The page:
Continuing onto a player who easily stood out as one of the top performers on this team, Jordan Brown. He’s a smart, skilled, unselfish guard prospect with a high motor and polished scoring arsenal. Brown handles the ball with poise, creates for himself and others, and applies consistent pressure from all levels. He’s a quality perimeter shooter, but is arguably at his best when getting downhill and attacking the basket. Brown is a great rebounder for his size/position and knows how to effectively push the break in transition. He also does a nice job of making his presence felt defensively. Next in his development process is working on his ability to move without the ball, as it would make him an even better spot-up threat. Coach Anderson on Brown: “Jordan is a very skilled player with a great attitude and willingness to be coached. Played with energy on both ends and worked well with his teammates. Extremely quick and able to get wherever he wants off the dribble. Solid defender but can continue to improve.” Brown proved to be an asset during his time at camp and will be a prospect to monitor over the foreseeable future.
#107: 6’0 ’26 Kenneth (Deuce) Claxton (Heathwood Hall)
Next, we look at a player who showcased a variety of enticing flashes, Kenneth “Deuce” Claxton. He’s a wiry, team-oriented guard prospect with a high motor and the ability to consistently make plays with the ball in his hands. Claxton is a reliable ball-handler and quality passer who does a great job of getting others involved in the action. He’s a solid penetrator and midrange shooter, but doesn’t look to force the issue offensively. Claxton displayed nice anticipation for intercepting passing lanes as an off-ball defender. Next in his development process is working on his consistency as a three-point shooter, as it would make him a more complete player. Coach Anderson on Claxton: “Kenneth is a good creator with vision and ball-handling skills. Plays hard and operates well within the team structure. Solid defender and capable rebounder. Needs to work on getting back on defense in transition.” Claxton made a solid impact at camp and should be a key piece for Heathwood Hall going forward.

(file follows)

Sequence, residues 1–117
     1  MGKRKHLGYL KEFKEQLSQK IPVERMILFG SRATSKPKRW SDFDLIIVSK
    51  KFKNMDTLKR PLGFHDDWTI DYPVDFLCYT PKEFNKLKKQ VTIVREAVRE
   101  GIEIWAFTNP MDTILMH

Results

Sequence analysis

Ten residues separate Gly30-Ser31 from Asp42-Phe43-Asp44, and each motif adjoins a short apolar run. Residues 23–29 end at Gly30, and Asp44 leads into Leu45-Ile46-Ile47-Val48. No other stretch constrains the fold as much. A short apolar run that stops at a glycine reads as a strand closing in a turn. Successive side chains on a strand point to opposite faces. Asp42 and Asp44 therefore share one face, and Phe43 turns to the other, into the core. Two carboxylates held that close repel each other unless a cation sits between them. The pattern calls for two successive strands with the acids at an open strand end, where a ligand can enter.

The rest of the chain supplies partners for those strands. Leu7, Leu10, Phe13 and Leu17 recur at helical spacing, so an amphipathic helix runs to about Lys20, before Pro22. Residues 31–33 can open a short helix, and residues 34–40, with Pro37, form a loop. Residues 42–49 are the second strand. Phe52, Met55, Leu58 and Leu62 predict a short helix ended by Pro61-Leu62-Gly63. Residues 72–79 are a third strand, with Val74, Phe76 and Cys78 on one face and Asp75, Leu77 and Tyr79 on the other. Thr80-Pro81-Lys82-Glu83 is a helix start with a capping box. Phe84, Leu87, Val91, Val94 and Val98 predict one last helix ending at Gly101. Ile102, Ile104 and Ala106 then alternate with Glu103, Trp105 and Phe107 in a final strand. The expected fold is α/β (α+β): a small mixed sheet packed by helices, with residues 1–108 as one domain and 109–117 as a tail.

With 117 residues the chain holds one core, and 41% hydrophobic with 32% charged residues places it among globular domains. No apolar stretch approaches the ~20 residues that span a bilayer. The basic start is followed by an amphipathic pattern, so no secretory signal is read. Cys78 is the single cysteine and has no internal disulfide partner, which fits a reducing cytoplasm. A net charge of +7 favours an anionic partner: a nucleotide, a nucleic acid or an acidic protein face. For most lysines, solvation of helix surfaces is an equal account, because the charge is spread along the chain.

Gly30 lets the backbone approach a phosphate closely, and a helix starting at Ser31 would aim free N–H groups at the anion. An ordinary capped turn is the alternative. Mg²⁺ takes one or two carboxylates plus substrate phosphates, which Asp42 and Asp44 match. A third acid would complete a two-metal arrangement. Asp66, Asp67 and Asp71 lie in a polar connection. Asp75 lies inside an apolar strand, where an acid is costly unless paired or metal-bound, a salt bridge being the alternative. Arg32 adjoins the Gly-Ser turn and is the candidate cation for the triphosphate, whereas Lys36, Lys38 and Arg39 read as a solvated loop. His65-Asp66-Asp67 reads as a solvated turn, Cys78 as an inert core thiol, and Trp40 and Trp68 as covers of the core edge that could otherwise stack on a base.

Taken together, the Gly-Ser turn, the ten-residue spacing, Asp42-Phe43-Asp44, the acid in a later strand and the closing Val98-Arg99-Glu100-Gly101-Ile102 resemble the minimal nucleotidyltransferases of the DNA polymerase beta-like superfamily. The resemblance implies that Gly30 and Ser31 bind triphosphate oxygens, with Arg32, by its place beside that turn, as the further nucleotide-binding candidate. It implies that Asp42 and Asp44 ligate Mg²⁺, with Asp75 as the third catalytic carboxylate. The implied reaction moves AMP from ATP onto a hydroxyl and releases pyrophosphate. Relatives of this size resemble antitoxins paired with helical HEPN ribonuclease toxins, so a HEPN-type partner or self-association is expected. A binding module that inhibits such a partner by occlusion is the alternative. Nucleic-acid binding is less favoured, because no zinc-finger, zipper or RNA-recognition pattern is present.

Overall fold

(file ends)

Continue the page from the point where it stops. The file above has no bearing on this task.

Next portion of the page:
#114: 6’2 ’26 Jonathan Perry (Christ Church)
Moving onto a player who provided the team with an incredibly steady two-way presence, Jonathan Perry. He’s a smart, skilled, well-rounded guard prospect with a high motor and unselfish approach to the game. Perry displayed the ability to knock down shots, attack the basket, and generate opportunities for others as a playmaker. He’s comfortable creating or operating without the ball in his hands. Perry is a useful rebounder and reliable defender who knows how to regularly outwork his assignment. Next in his development process is working on his consistency as a three-point shooter, as it would make him a more complete player. Coach Anderson on Perry: “Jonathan is a good player. Loved the level of energy he brought to the team. Decent creator but can work on becoming a craftier ball-handler. Great attitude and willingness to be coached. Played good defense and seized opportunities whenever available.” Perry did a lot of things well at camp and should be a difference-maker for Christ Church over the coming years.
#115: 6’2 ’26 Pierce Froehlich (Green Upstate)